Fact Check

Weather Channel Switching to Celsius-Only

The Weather Channel played an April Fool's Day joke on their viewers with the announcement that they would be dropping use of the Fahrenheit temperature scale.

Published Apr 1, 2016

The Weather Channel announced that it will only use the Celsius temperature scale.

On 1 April 2016, the Weather Channel posted an article on their Medium page announcing that they had implemented a new policy under which they would be using the Celsius temperature scale exclusively and dropping any references to the Fahrenheit scale used in the U.S. (and elsewhere):

After much debate, The Weather Channel is proud to announce that, effective immediately, the television network will be using the Celsius scale to report temperatures. This move comes at the expense of the Fahrenheit scale, which has been the exclusive temperature scale for The Weather Channel since its inception in 1982.

Outsiders have speculated that the move is part of an effort to make The Weather Channel a more attractive weather provider to countries around the world, but a company spokesperson says this simply isn't true.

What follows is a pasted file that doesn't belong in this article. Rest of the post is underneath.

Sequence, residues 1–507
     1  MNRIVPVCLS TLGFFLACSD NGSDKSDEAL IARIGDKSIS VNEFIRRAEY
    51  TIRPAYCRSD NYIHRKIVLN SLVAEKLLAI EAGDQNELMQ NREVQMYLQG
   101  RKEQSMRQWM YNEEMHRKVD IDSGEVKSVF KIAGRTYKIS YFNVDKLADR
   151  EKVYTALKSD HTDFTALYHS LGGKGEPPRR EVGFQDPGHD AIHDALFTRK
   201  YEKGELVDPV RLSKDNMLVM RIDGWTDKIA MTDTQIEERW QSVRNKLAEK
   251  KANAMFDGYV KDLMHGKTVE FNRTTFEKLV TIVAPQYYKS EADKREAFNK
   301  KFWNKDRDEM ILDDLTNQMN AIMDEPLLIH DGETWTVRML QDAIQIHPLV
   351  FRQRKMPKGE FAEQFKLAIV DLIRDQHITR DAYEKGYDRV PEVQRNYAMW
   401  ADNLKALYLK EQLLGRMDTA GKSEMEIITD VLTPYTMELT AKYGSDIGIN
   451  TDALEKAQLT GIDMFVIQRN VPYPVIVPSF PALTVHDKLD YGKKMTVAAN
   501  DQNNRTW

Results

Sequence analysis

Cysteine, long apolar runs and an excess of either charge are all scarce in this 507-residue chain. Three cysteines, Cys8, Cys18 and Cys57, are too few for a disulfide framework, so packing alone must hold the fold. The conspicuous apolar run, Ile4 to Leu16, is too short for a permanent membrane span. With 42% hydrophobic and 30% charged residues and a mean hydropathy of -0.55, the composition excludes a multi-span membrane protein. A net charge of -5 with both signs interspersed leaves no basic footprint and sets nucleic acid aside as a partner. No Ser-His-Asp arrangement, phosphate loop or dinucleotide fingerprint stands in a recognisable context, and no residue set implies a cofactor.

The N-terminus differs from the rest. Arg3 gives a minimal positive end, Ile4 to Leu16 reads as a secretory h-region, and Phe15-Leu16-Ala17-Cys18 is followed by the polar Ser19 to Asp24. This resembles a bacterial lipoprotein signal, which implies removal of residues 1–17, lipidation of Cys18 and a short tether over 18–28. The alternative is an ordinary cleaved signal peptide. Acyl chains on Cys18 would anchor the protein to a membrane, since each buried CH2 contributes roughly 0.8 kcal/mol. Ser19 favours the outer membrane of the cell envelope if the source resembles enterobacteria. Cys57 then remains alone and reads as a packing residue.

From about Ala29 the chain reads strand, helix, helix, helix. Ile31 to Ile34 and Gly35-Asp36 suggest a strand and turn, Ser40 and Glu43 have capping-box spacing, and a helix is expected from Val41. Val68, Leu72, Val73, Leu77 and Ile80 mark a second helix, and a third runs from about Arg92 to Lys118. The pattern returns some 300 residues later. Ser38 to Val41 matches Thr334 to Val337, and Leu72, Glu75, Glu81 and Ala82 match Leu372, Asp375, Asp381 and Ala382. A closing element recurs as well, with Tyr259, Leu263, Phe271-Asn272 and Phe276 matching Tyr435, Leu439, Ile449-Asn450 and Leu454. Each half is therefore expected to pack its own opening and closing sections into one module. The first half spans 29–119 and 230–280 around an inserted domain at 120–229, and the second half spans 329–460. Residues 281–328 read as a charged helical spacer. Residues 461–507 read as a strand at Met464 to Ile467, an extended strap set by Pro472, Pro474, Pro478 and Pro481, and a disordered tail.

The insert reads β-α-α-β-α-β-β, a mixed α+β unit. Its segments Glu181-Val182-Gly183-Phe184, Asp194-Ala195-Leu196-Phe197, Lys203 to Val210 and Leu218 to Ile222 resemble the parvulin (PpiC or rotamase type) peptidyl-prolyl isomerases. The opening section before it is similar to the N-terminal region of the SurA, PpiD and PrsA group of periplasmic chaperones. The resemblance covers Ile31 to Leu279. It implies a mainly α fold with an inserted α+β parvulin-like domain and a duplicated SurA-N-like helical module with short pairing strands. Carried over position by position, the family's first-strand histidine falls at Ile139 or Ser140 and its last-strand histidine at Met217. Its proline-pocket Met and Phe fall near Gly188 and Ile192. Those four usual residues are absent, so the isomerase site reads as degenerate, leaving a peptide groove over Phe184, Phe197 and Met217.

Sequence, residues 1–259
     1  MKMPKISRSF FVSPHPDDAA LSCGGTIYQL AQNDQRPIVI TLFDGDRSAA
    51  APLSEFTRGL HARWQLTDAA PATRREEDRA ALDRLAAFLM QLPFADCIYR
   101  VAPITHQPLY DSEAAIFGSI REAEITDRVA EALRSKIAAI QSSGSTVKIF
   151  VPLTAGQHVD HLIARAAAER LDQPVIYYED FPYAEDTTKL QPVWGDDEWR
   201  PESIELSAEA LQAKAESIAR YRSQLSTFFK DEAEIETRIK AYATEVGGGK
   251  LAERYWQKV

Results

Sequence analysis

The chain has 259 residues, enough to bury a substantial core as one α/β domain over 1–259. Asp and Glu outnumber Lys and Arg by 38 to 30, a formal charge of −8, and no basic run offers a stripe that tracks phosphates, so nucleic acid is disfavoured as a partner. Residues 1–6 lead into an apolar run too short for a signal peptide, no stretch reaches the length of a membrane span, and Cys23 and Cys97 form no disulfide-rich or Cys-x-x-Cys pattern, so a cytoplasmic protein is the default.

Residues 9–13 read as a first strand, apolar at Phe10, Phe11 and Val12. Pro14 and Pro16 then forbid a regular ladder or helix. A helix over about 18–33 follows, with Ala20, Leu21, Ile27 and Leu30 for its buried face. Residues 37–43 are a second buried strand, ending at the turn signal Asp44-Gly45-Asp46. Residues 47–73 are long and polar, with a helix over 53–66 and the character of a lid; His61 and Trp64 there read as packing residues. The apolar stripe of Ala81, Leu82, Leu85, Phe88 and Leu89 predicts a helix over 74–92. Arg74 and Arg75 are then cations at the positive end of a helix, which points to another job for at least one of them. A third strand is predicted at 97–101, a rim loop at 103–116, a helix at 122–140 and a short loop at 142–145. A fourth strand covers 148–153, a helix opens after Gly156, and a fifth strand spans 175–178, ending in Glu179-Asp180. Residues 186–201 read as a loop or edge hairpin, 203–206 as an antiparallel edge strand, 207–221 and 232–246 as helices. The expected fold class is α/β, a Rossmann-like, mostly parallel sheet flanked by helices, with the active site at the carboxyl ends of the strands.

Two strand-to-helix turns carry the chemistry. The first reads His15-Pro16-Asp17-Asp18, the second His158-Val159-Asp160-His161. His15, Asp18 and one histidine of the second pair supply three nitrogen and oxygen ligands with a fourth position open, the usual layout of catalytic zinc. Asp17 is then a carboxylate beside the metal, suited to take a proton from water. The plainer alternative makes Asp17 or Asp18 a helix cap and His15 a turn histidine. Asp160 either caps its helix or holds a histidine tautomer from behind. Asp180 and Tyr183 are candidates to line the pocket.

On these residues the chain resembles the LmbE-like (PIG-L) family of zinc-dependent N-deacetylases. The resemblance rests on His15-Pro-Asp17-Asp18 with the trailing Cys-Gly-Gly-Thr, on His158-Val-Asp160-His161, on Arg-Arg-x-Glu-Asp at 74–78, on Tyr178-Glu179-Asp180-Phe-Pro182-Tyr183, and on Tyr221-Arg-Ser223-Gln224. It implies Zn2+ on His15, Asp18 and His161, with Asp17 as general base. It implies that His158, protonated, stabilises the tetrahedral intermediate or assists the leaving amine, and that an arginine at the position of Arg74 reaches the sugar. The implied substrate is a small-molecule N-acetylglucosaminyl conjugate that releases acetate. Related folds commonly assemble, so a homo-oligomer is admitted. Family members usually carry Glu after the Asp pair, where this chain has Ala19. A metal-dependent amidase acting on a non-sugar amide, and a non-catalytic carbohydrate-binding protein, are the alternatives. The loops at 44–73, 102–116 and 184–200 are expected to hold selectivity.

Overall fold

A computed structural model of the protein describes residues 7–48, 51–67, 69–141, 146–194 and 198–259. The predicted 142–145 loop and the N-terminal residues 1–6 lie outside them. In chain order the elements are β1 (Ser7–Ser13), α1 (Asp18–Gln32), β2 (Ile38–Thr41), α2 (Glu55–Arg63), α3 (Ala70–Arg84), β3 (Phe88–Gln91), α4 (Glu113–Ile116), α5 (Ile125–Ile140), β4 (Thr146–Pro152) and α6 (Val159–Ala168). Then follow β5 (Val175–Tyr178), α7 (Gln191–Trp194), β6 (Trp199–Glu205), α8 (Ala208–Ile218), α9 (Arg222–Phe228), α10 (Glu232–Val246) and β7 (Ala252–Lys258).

"While we always want to be inclusive of the global world that we all live in these days, the simple truth is that, after much internal deliberation, we've determined that it just doesn't make sense for water to freeze at 32°. People understand something freezing at 0°," the spokesperson said.

While the above-quoted article ended with an obvious reference to April Fools' Day — "That being said, we would like to inform you, yes you, the one reading this article, to refer to your calendar if you aren't aware of the important holiday taking place today" — many readers were fooled by the faux announcement, most likely because they didn't read the full article or encountered it via a social media post and didn't click through to the underlying Weather Channel Medium page:

weather channel

You can view a round-up of more online 2016 April Fools' Day pranks here.

Dan Evon is a former writer for Snopes.

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